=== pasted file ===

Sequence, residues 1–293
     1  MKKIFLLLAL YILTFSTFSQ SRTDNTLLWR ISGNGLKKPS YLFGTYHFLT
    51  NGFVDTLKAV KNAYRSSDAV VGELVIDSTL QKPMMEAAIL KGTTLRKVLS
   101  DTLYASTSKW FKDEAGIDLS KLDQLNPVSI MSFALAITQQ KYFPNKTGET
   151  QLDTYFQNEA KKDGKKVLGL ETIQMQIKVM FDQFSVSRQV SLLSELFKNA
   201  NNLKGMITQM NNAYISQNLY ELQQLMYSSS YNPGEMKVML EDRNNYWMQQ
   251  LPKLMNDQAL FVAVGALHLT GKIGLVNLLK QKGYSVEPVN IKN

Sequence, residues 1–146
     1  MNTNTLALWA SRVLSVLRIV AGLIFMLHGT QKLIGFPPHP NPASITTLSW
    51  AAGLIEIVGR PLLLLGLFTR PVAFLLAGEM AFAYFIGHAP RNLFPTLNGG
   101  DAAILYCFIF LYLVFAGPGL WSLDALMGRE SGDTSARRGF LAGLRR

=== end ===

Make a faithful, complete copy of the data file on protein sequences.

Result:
Sequence, residues 1–293
     1  MKKIFLLLAL YILTFSTFSQ SRTDNTLLWR ISGNGLKKPS YLFGTYHFLT
    51  NGFVDTLKAV KNAYRSSDAV VGELVIDSTL QKPMMEAAIL KGTTLRKVLS
   101  DTLYASTSKW FKDEAGIDLS KLDQLNPVSI MSFALAITQQ KYFPNKTGET
   151  QLDTYFQNEA KKDGKKVLGL ETIQMQIKVM FDQFSVSRQV SLLSELFKNA
   201  NNLKGMITQM NNAYISQNLY ELQQLMYSSS YNPGEMKVML EDRNNYWMQQ
   251  LPKLMNDQAL FVAVGALHLT GKIGLVNLLK QKGYSVEPVN IKN

Sequence, residues 1–146
     1  MNTNTLALWA SRVLSVLRIV AGLIFMLHGT QKLIGFPPHP NPASITTLSW
    51  AAGLIEIVGR PLLLLGLFTR PVAFLLAGEM AFAYFIGHAP RNLFPTLNGG
   101  DAAILYCFIF LYLVFAGPGL WSLDALMGRE SGDTSARRGF LAGLRR